Paul Vermeersch said...

Ormond, accidently nixed your latest comment. Sorry, new software. Repost if you wish.

0rmond said...

All I was saying is that it is inconsistent to talk about meaning being "good" and meaninglessness being "bad" and then say you're not discussing ethics. Good and bad are ethical criteria. From my perspective, Hoagland understands this problem as an ethical one.

And I still say Hoagland is criticizing the young generation of poets for what he sees as their problematic attitude to interpretation and meaning (i.e. hermeneutics). Why else would meaning, value and coherence be so important to him? Why else would he decry the detachment, meaninglessness and nihilism he finds in their work?

I feel like we're moving in a circle. It would be interesting to see where we could take this discussion, but I don't think you're actually interested in discussing it at all, at least not with me. This is fair, considering I am unknown to you.

I guess the most responsible thing I can say is that I look forward to seeing how these issues play out in your work. Obviously they are of great interest to me too.

Paul Vermeersch said...

O,

I guess we'll just have to agree to disagree on the ethical matter. For me, I don't really believe that writing discursively or not is an ethical issue. I don't think it is morally or ethically wrong to write in a dissociative fashion. And I don't think Hoagland thinks it's ethically wrong either. My take on his essay, and my take on the issue in general, is that it's really a practical matter, i.e. suppose these poets want to convey some philosophical or theoretical idea through this “skittery” kind of poetry -- it begs the question: is it working? Is the idea being effectively conveyed? Is communication, even an illustrative kind of communication, possible when you are trying to subvert communication? Does it create its own inherent paradox from which it can’t escape, or in Hoagland’s terminology, its own narcissistic cul-de-sac? Or, at bottom, does it succeed only in being a kind of aesthetical or formalized gibberish?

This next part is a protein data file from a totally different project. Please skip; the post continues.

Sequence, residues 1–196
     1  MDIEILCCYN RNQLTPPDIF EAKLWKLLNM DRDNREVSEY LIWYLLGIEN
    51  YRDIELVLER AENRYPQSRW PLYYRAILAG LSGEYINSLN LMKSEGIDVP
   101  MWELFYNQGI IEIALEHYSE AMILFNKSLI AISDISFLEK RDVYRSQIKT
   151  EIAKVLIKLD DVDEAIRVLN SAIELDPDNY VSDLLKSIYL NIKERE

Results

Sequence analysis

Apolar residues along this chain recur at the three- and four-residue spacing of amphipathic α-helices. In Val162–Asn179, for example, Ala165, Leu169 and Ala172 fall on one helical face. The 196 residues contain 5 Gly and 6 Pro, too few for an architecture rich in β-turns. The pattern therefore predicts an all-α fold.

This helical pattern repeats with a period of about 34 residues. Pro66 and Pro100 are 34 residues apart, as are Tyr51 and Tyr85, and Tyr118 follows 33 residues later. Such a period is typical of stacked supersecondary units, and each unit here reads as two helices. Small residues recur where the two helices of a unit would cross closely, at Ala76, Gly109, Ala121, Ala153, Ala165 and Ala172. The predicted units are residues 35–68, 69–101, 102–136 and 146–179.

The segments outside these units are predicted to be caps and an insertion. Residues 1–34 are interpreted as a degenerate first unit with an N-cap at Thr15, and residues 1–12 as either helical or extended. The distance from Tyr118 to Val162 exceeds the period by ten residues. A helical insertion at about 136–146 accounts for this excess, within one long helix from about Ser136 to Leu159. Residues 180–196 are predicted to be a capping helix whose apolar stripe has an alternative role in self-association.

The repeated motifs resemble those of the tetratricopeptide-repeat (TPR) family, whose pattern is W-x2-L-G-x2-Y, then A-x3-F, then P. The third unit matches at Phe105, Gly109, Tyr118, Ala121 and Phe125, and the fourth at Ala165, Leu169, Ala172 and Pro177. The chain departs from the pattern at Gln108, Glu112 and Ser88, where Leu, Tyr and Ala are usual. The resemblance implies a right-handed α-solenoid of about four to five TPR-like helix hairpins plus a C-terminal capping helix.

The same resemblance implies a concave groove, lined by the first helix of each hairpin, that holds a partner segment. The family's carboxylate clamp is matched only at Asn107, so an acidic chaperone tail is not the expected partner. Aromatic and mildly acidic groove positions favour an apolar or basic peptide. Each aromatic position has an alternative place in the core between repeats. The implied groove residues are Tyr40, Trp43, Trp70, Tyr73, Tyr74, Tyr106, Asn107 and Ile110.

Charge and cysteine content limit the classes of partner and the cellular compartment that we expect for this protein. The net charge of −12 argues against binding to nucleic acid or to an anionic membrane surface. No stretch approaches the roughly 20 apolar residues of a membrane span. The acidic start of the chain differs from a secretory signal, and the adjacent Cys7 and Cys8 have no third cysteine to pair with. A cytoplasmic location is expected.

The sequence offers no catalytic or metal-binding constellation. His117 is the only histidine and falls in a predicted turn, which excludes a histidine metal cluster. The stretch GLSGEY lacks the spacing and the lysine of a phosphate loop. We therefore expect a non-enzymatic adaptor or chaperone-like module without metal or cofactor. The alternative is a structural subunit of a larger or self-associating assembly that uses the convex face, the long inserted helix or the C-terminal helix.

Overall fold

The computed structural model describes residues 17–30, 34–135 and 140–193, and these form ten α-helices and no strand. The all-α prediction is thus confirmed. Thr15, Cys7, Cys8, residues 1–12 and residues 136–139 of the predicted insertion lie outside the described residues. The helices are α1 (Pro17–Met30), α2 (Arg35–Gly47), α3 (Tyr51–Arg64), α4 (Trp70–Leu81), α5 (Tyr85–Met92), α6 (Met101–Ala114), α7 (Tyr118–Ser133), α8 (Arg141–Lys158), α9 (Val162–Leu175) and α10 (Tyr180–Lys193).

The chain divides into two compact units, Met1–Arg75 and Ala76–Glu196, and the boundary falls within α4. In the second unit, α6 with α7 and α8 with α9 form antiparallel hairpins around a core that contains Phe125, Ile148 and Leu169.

I think it is possible to talk about good and bad without talking about ethics. Personally, I may not like purely dissociative poetry as much as other kinds, and I might even say that a lot of it isn’t “good” writing, but what I like is a matter of taste, not ethics, and in this sense, what I think is “good” is a matter of aesthetics and, again, not ethics. Furthermore, I may not find it as “functional” or “meaningful” or even “utilitarian” as other modes of writing, but I’m not assigning any ethical value to its usefulness, not in a John Stuart Mill kind of way, and I don’t think Hoagland is either. I don’t believe it is ethically wrong to write poetry that doesn’t mean anything. I might even it find some of it poncey, pretentious, or even downright ridiculous, but not immoral, not unethical, not nefarious.

And it’s funny, you know, that sometimes poets who purposefully write “difficult” poetry, as Hoagland put it, who take artistic pride in alienating the reader, who aren’t interested in meaningfulness or entertainment or communication, still sometimes decry the smallness of their readership, their sense of helplessness against the tide of philistines who refuse to revel in their cleverness! As if the readership for poetry weren’t small enough! And no, I don’t think that’s unethical, either. Just… sort of… you know.

I do think there’s a way to write abstractly and still be able communicate something, still entertain your reader, or involve them emotionally in the poem. Ashbery does this effectively, to name one popular exponent; there are others. But when Ashbery uses the word “table” it still means “table.” His abstraction has more to do with modernism (surrealism, for example) than with post-modernism (deconstruction, for example). The new breed of difficult poetries is less concerned with involving the senses/memories of the reader in “knowing” the poem. I think that, largely, in the attempt to illustrate their favourite critical or epistemological theories, they have neutered their poetry of its potential linguistic and/or imagistic prowess. Again, I don’t think it’s ethically wrong to do this, I just don’t find that I have a lot of reasons to want to read poetry like that, and I don’t blame people who feel similarly. The irony is, this “difficult” poetry is only difficult to understand (or enjoy). I think it’s actually very easy to write, and also very easily imitated or made into a pastiche. Create a formula, plug in some language, and you’re in business. And if someone criticizes it, you can always call them a fool for not understanding it. Win-win, right? Maybe that part is unethical. The rest, well, is just uninteresting… to me anyway, and maybe to a few others.